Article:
Blackface: a racist tradition continues

By Wallace
Staff Writer

Colorism is the act of discrimination against those of a darker skin tone based on European standards of beauty, which are rooted in colonization and imperialism. Because of the oppression of people of color by European nations, being of a lighter skin and more similar to those of European descent provided benefits in society which translated into these lighter skinned individuals having privileges over darker skinned individuals.

These nuances are still found in mainstream media in which darker-skinned individuals are not viewed as beautiful or  are “beautiful despite being darker skinned.” Colorism is found in every community of color, and is often internalized by persons of color, which creates toxic spaces for those of darker skin, leading to a lack of visibility and a sense that they are not valid because of their skin.

Lately, as the black community has seen more visibility as a whole in mainstream media, colorism impacts whose voices and stories are told in the community and to the widespread viewers. This article will discuss the colorism in the Black community; however, it is important to recognize that colorism exists in all communities of color and can be tied to anti-blackness.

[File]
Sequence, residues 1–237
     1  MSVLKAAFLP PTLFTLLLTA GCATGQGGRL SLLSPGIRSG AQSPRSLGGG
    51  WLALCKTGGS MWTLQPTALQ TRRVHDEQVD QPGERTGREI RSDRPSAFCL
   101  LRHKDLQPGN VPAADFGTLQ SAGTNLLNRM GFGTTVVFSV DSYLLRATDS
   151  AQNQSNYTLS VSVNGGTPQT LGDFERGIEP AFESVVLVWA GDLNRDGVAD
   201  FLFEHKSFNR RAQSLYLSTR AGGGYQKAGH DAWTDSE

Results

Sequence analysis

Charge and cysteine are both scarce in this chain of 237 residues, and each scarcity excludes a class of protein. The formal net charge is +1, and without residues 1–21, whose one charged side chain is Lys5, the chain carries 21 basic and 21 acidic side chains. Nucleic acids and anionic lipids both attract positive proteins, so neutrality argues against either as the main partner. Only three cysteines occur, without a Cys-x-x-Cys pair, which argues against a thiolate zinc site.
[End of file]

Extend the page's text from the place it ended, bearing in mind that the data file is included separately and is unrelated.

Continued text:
The most egregious recent example of colorism in media is the use of blackface by Zoe Saldana in the new biopic “Nina,” which is about the life of Nina Simone. Simone was a dark-skinned performer and activist who was a huge promoter of love for dark-skinned Black women, and this casting choice for her biopic goes against everything she stood for.

Saldana is a light-skinned Afro-Latina actress playing Simone and is covered in blackface in order to look like Simone—which is incredibly disrespectful and disgusting.

Here’s why: Black women actors of a darker skin tone exist and are more than capable of playing a darker-skinned woman over a light-skinned woman who has to be made darker-skinned. This is an example of colorism, because the story of a dark-skinned Black woman is being portrayed by a lighter-skinned women, who is simultaneously profiting from this portrayal. When roles that are literally lined up for darker-skinned women are given to lighter-skinned women, it furthers their erasure.

Please boycott “Nina” and do not support the use of blackface in any form.